mercredi 16 octobre 2013

Bohemianism and the Seven Arts?

St Thomas Aquinas and St Ignatius of Loyola were of course not Bohemians while studying the Seven Arts. I also find improbable that C S Lewis or J R R Tolkien should have been such. Nevertheless, Bohemianism has a certain devotion to them too:

Journalists were to be regular members; artists and musicians were to be honorary members.[5] The group quickly relaxed its rules for membership to permit some people to join who had little artistic talent, but enjoyed the arts and had greater financial resources. Eventually, the original "bohemian" members were in the minority and the wealthy and powerful controlled the club. Club members who were established and successful, respectable family men, defined for themselves their own form of bohemianism which included men who were bons vivants, sometime outdoorsmen, and appreciators of the arts. Club member and poet George Sterling responded to this redefinition:

Any good mixer of convivial habits considers he has a right to be called a Bohemian. But that is not a valid claim. There are two elements, at least, that are essential to Bohemianism. The first is devotion or addiction to one or more of the Seven Arts; the other is poverty. Other factors suggest themselves: for instance, I like to think of my Bohemians as young, as radical in their outlook on art and life; as unconventional, and, though this is debatable, as dwellers in a city large enough to have the somewhat cruel atmosphere of all great cities.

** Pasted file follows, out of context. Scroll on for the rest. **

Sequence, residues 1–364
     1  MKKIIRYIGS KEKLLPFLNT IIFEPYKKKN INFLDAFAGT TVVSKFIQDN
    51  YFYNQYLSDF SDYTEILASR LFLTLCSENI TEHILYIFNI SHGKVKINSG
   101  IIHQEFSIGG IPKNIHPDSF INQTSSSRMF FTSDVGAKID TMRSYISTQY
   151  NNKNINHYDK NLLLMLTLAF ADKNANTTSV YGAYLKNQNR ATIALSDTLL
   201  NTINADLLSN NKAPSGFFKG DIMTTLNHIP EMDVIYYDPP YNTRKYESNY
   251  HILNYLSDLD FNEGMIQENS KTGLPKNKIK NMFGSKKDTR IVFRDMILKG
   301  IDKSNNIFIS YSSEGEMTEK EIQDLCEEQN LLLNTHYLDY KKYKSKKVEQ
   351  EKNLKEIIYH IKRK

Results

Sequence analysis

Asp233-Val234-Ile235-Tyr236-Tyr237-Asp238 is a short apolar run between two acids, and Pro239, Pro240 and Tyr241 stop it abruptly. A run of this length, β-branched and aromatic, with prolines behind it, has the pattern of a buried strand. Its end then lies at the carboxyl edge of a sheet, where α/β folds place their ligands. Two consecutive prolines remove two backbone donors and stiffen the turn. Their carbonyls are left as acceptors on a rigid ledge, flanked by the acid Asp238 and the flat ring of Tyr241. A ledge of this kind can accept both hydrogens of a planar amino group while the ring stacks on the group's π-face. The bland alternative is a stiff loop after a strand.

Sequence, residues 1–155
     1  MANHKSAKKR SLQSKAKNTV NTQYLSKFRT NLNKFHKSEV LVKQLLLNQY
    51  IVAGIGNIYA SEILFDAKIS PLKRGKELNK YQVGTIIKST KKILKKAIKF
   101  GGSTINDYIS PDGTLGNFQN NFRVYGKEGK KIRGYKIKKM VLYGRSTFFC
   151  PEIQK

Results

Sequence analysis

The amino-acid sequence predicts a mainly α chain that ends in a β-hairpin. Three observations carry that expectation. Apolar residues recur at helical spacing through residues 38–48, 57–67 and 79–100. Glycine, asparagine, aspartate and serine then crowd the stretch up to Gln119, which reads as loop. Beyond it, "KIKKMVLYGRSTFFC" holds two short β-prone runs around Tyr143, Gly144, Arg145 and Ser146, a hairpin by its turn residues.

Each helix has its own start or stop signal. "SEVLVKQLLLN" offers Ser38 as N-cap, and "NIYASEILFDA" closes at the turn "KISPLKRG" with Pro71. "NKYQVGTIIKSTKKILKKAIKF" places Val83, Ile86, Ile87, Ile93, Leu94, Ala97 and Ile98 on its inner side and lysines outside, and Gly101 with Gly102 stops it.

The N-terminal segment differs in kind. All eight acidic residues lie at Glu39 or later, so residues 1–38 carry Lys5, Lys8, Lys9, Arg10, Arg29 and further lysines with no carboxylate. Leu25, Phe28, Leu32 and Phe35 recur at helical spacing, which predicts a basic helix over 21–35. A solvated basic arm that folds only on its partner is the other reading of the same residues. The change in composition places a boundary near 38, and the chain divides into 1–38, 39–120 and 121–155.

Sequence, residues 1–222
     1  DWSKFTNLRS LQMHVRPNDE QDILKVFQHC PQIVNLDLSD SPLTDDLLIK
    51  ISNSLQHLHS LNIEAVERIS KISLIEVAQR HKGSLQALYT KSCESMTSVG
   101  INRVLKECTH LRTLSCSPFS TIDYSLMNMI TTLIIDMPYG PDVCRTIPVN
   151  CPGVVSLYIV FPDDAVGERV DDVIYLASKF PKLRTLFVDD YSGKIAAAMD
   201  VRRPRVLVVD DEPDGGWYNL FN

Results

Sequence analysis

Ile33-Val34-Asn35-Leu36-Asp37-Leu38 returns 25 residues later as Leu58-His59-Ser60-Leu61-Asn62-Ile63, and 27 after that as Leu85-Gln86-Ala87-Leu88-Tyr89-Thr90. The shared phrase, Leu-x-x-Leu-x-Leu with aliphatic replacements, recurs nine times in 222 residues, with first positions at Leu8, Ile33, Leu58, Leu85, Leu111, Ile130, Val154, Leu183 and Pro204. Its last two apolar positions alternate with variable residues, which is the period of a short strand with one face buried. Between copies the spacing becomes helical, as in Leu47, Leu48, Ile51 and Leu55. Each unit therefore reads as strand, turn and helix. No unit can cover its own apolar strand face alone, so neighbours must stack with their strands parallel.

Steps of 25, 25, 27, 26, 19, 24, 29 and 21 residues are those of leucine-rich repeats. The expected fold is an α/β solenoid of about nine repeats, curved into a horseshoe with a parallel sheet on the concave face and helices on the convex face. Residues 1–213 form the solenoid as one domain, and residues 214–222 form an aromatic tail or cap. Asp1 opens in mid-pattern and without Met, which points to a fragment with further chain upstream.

Despite his purist views, Sterling associated very closely with the Bohemian Club, and caroused with artist and industrialist alike at the Bohemian Grove.

And as CSL and JRRT though well into the Seven Arts were no Bohemians, so GKC, though a Journalist, was no Bohemian.

If any one were to accuse me of Bohemianism because I have named my blog Trivium et Quadrivium, I respond it is like calling CSL or JRRT, or even Sts Thomas Aquinas and Ignatius of Loyola "Bohemians".

If any single person were to consider me a Bohemian because I do a kind of journalism, let them look at Gilbert Keith Chesterton. He was a journalist and most certainly no Bohemian.

And if my liking for Oscar Wilde is supposed to make me suspicious, I can answer that I pity him for having in 1882 visited Bohemian Club. It very arguably ruined his life up to possibly a last moment redemption if he sent for a priest before dying (he died before the priest arrived). I pity him for that bad visit.

Hans-Georg Lundahl
Bibliothèque Audoux
and Townhall of III:d Arrondissement
Ste Hedwige of Poland

Aucun commentaire:

Enregistrer un commentaire